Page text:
New consumer contracts regulations per 1 July 2009 facilitate switching in the electronic communications sector

19 August 2009

Roelien van Neck, Edwin Bogert

Since 1 July 2009, it is easier for consumers to switch to another telecom provider, internet service provider or provider of programme services, like a cable company. This is the consequence of new rules aimed at limiting barriers to switching in the electronic communications sector and at strengthening the position of consumers in that sector.

With an amendment of the Dutch Telecommunications Act, which entered into force on 1 July 2009, conditions are regulated regarding tacit renewal of and the notice period in contracts between providers of electronic communications services and programme services on the one hand and consumers on the other hand.

Under the new rules, it will remain possible for providers to tacitly renew fixed-term contracts, as before. The major difference will be, though, that after the initial contract period has lapsed and tacitly been renewed, the consumer may terminate the contract at all times, free of charge, observing a one-month notice period.

Prior to this amendment, providers were able to bind their customers for relatively longer periods by continuing to tacitly renew subscriptions every year. This meant that new providers entering the market faced a particular difficulty gaining customers, as these were already bound to a competitor. In turn, consumers wishing to switch to another provider had to keep a close eye to the term of the contract and the notice period, in order to timely terminate the contract and to switch. Since 1 July 2009, upon tacit renewal of a contract for a particular period, consumers will be able to terminate the agreement at all times, observing the one-month notice period.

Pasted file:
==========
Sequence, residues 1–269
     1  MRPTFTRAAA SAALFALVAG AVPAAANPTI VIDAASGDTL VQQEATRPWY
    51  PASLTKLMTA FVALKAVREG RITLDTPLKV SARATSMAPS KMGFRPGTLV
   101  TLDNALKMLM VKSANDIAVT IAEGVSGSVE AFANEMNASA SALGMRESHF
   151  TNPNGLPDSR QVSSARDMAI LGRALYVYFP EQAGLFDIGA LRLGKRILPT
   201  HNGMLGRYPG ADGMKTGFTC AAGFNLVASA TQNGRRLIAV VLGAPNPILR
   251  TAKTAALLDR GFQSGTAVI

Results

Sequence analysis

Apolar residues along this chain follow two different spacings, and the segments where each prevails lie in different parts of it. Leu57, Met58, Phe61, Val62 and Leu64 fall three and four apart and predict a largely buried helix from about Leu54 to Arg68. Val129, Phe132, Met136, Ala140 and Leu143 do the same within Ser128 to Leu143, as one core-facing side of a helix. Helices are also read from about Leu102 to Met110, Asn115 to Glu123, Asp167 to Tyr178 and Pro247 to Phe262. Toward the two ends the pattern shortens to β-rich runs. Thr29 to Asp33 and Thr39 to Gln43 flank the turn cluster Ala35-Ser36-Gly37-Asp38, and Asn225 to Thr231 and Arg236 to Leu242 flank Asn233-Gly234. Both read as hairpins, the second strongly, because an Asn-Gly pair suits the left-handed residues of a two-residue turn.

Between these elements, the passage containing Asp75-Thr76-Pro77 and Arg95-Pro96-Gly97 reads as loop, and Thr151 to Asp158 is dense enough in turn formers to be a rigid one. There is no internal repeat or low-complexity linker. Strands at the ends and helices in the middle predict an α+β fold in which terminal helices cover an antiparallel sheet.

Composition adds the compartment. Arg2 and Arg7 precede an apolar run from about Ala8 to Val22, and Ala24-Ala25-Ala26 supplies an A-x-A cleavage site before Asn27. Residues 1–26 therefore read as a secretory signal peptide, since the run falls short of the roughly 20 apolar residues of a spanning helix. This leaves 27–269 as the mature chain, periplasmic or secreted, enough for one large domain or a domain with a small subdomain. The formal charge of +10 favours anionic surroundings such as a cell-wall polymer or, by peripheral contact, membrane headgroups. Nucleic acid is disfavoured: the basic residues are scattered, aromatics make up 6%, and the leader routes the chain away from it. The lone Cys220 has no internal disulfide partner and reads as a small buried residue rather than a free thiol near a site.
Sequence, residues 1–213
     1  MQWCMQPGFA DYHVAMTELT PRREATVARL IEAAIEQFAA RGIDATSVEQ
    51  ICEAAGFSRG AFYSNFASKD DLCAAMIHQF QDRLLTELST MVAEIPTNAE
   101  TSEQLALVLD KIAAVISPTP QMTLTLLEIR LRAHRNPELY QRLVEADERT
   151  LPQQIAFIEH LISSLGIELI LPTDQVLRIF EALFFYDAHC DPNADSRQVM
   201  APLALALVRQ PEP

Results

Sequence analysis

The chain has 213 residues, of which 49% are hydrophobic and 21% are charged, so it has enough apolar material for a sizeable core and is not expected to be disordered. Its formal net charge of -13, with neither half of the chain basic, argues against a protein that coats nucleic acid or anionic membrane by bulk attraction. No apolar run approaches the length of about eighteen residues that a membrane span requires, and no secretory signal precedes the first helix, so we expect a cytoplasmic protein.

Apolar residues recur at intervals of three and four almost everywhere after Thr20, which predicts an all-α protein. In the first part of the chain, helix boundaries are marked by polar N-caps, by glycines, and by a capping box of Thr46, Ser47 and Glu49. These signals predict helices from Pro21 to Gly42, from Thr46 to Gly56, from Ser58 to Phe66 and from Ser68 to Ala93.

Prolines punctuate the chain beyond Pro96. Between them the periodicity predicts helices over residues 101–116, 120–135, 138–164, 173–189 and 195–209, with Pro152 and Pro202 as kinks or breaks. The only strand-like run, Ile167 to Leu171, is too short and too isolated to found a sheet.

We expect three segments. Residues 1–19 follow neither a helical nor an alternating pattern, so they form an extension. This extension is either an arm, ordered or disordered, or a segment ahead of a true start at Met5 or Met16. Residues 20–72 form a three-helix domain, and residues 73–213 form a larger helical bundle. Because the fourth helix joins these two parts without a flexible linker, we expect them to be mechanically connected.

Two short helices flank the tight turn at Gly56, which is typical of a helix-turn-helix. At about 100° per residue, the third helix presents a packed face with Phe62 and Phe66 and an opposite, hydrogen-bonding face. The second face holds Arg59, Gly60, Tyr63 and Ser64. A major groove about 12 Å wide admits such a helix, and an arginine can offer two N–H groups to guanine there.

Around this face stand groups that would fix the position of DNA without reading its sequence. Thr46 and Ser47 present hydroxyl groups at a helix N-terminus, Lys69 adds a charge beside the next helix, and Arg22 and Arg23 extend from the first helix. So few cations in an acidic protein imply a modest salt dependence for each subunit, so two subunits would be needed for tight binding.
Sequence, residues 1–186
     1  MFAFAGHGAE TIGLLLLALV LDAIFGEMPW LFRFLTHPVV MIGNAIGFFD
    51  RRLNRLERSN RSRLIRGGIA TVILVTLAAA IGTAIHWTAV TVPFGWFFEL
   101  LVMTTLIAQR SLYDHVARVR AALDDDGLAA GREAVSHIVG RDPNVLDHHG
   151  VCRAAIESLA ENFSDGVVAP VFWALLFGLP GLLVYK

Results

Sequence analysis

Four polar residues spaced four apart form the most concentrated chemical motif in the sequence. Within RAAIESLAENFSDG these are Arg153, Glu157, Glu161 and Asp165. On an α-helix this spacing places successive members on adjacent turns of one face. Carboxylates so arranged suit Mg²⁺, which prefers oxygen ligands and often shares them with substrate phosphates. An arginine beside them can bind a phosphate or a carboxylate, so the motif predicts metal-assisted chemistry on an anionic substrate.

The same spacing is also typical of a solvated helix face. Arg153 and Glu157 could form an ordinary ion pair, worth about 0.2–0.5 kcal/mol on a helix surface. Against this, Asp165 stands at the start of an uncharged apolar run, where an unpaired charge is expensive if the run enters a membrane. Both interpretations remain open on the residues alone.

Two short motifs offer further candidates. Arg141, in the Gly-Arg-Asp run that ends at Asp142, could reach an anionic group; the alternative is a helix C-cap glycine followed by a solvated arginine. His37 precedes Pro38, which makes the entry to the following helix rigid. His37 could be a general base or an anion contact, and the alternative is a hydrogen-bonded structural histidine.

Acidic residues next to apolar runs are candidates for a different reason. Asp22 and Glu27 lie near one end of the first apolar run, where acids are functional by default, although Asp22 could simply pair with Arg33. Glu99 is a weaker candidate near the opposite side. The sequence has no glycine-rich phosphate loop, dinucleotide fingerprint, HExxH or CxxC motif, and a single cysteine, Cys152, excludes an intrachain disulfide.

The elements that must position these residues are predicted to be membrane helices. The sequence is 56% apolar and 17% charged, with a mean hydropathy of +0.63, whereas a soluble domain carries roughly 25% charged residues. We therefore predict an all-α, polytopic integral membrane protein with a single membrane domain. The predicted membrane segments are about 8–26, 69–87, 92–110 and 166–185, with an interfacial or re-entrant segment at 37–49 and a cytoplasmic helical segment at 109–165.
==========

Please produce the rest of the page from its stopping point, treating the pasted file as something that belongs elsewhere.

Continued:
In addition, providers are no longer allowed to stipulate a notice period that is longer than one month.

Contracts for an indefinite time also remain permitted. However, since 1 July 2009 consumers may terminate such contracts at any time, free of charge, also with a maximum notice period of one month.

The rules are obligatory for all providers. This means that deviating provisions in, for example, general terms and conditions will not be upheld. If necessary, these provisions must be modified. It is also recommended that providers take a close look at the pricing of combined offers. An offer for a free telephone or digital receiver in combination with a subscription may turn out differently than before, if a relatively brief guaranteed recovery period from the subscription is offered in return.

It is expected that Dutch providers will become more active in their efforts to acquire new customers, as consumers who are ‘bound’ to their contract with a competing company will now be able to switch earlier.


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Roelien van Neck


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